However, the fatwa is not the last word on the matter. While it carries obligations for the devout, Egyptian law says no religious institute has the final say on what can be shown in theaters. The artistic censorship board, the only entity with the power to legally bar particular content, has yet to comment on the fatwa.
Obama adds land near Point Arena to national monument
A stretch of shoreline near Point Arena marked by bluffs, forests and a salmon-filled river will become part of national monument come Tuesday, when President Obama is expected to sign an order protecting the site for generations to come.McClatchy
The land, a key piece of which remained in private hands until just last year, was once slated to house a nuclear power plant. Now it will be added to the California Coastal National Monument, a protected space running just offshore from the state's long, rugged coast. The addition will be the first time that the monument, established in 2000, is expanded to include a piece of the shore itself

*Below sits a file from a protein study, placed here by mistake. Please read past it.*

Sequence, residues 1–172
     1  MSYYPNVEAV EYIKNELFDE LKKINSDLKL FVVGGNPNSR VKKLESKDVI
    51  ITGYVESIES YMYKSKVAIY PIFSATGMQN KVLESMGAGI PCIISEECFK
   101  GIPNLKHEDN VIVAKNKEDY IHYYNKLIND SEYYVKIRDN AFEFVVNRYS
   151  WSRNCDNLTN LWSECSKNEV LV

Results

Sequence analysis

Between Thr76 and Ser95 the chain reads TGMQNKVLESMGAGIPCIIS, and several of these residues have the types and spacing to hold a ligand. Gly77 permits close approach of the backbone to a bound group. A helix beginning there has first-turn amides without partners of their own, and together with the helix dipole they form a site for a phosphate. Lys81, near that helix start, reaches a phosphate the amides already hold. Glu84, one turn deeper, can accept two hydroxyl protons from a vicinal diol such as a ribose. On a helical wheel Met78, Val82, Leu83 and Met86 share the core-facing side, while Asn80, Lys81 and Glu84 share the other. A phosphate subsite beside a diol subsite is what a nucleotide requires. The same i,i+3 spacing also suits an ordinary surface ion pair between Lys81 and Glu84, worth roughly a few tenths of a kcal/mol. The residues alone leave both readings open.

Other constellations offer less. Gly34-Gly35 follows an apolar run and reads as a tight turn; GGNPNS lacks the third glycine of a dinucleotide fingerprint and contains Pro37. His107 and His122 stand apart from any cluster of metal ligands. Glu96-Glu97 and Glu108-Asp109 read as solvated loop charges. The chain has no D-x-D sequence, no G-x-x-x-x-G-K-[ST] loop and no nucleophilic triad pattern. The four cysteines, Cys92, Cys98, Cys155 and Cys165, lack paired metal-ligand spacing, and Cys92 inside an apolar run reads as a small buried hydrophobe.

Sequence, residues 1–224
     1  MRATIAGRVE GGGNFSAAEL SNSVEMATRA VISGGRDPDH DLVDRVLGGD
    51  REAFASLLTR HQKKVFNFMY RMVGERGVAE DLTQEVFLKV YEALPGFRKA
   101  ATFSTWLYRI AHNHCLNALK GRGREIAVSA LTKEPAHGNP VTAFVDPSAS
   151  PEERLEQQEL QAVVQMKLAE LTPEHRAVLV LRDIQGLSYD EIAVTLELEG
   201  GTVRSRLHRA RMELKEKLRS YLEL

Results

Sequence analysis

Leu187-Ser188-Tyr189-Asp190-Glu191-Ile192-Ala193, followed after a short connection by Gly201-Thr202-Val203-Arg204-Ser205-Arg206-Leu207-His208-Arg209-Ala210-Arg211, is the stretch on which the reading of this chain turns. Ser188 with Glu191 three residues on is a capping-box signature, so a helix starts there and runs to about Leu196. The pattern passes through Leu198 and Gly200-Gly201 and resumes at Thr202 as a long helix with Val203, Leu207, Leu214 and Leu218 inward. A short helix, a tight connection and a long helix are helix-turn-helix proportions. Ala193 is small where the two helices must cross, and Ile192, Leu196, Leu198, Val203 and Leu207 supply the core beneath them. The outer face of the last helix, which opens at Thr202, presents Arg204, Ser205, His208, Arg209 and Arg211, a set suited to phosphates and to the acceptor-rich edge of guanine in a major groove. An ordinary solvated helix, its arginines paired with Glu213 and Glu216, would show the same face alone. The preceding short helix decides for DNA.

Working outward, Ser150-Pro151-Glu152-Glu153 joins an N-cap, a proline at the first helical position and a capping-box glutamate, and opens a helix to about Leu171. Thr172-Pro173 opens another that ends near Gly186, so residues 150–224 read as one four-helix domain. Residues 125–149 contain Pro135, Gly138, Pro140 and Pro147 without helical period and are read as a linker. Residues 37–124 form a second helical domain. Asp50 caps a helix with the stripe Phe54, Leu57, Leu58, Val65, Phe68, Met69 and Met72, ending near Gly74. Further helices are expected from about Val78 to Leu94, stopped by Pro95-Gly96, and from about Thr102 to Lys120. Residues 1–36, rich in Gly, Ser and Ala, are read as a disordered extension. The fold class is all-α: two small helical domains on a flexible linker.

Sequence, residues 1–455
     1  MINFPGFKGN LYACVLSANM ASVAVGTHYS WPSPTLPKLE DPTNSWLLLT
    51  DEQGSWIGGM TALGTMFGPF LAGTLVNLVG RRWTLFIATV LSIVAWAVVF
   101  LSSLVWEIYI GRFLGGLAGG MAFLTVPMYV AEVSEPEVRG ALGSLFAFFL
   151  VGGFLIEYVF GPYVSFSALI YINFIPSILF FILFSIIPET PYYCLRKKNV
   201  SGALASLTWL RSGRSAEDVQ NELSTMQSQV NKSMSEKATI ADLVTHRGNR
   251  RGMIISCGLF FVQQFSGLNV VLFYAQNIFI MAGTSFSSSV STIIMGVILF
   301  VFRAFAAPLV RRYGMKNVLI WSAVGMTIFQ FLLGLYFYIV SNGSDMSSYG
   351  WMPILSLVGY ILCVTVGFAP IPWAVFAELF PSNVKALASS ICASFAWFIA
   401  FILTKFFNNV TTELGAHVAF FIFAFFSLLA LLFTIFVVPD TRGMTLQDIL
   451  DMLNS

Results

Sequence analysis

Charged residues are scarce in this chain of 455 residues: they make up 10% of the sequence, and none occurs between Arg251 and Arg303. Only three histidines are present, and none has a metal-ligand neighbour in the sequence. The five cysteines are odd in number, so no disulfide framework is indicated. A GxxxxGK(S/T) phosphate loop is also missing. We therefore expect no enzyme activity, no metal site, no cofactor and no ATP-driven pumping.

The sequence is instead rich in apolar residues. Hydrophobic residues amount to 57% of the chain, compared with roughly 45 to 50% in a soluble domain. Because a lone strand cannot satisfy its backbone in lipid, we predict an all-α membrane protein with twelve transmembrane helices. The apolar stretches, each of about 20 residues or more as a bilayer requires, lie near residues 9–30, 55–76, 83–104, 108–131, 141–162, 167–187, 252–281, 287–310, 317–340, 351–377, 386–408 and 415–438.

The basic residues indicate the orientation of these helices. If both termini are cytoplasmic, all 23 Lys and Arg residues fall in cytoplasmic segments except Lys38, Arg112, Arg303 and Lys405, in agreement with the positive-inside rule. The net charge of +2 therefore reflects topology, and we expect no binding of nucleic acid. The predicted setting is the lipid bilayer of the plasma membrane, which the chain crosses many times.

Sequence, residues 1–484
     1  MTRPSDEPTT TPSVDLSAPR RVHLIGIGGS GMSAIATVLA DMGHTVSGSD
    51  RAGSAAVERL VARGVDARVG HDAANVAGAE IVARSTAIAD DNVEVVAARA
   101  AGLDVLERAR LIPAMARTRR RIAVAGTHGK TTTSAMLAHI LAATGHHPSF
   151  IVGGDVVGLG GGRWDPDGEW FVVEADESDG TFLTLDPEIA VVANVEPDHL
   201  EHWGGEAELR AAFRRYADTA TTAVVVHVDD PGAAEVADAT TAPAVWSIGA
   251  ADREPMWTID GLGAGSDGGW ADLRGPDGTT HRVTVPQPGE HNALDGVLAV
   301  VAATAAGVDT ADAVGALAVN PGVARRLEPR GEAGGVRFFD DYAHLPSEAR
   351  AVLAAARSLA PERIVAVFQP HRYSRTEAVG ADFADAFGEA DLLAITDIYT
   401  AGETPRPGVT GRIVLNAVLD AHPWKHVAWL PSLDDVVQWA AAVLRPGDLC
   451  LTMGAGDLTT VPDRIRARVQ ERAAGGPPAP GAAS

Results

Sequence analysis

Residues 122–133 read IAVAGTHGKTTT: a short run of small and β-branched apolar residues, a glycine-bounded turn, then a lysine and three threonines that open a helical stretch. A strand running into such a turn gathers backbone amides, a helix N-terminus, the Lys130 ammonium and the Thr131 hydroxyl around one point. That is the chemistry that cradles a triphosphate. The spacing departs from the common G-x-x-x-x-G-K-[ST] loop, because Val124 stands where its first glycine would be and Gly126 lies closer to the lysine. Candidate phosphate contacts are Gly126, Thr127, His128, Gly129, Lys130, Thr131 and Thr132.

"You get out on that landscape, and you are out there in a different world - and it's a magical world," said Markley Bavinger with the Trust for Public Land, one of the environmental and community groups working to protect the site. "You're surrounded by these vistas that extend all the way as far as the eye can see."
Border Patrol tells agents to retreat from rock throwers, not shoot .
MEXICO CITY — The chief of the U.S. Border Patrol instructed his agents Friday to seek cover from rock throwers along the southern border rather than shoot at them, and to take other steps to curb a spate of killings of migrants.
Border Patrol Chief Michael J. Fisher, under scrutiny from the Mexican government and U.S. civil rights groups over the killings, also ordered agents not to put themselves in the paths of moving vehicles as a pretext for shooting at them.
Fisher’s directive came as the Department of Homeland Security made public its overarching policy on the use of deadly force after a decade of secrecy. The policy is intended to guide the actions of 21,700 Border Patrol agents, who constitute one of the largest U.S. law enforcement agencies.